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Meet Linda King Brown - Chair of Liberal Arts

Posted by Natalie Lascek on May 24, 2019 9:23:29 AM

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Linda King Brown is PCA&D's Chair of Liberal Arts. She attended Hobart & William Smith Colleges in Geneva, New York for her undergraduate education where she majored in English and minored in Art History, often researching and writing about the intersection of poetry and art. Her honors thesis focused on the work of poet John Ashbery and his connection to the Abstract Expressionist artists of the 1940s and 1950s, and another capstone project explored the poetry of William Carlos Williams and the work of the avant-garde artists of the early 20th century. During college, she lived in Florence, Italy for three months and gained an even deeper appreciation for art history. She then attended the Medill School of Journalism at Northwestern University in Chicago for graduate school and earned a masters in journalism.

From there, she headed 30 miles out to sea and became a staff reporter for the Nantucket Island Inquirer & Mirror. Life eventually led her to PCA&D in the fall of 2005. Linda's love for the written word and for art history made her a good match for teaching writing, communications, and literature at an art & design college. 

Outside of teaching, Linda also writes poetry and has participated in readings at various local venues over the years. In 2010, she was appointed as PCA&D’s “poetry guru” and led the poetry selection committee for the Poetry Paths installation by Mary Szybist and PCA&D alums Root 222 in the College's portico.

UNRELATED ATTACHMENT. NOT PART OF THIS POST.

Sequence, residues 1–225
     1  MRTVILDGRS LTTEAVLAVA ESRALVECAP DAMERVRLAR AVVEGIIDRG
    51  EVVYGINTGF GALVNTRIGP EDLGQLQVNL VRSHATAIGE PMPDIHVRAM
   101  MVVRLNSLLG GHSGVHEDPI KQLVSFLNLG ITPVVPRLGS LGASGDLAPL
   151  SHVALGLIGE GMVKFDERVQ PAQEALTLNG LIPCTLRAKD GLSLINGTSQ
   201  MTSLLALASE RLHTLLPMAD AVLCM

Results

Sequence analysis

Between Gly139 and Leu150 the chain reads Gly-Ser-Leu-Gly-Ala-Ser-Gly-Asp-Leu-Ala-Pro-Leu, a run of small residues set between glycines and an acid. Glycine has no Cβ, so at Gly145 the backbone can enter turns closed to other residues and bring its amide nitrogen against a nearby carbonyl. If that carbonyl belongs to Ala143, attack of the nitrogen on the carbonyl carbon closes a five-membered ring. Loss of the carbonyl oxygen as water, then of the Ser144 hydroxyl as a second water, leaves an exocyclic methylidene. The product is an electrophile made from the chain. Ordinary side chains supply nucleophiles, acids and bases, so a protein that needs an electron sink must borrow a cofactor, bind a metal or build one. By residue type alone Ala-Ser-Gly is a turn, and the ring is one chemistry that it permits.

Tell us about the Liberal Arts Department?

LB: The Liberal Arts Department at PCA&D has designed an engaging and dynamic curriculum for students earning their BFA (Bachelor of Fine Arts Degree) in one of our our five majors. An array of courses in Art History provide students with a multilayered understanding of historical precedents in making and viewing art, while courses in oral and written communication, the humanities, social sciences, math, and science are designed to challenge and inspire students to engage in research, writing, speaking, critical thinking, and problem solving across the disciplines. The Liberal Arts classes are where students refine their academic and professional skills, but they can also be a powerful well of inspiration, allowing students to explore subjects beyond their studio courses that are interesting to them, sometimes informing their visual work.

Learning from instructors who are experts in their respective fields, students can take courses in film, creative writing, popular culture, literature, philosophy, poetry, linguistics, world-building, psychology, sociology, science, art history, music, and others. Field trips to museums like the Philadelphia Museum of Art, The MET, and the Walters allow students in art history classes to directly engage with the work they are studying. The Theater class instructor takes students to local plays and encourages them to dabble in dramatic performance themselves via improv exercises and original productions. Hands-on science classes bring students to the Shuts Environmental Center and Indian Echo Caverns.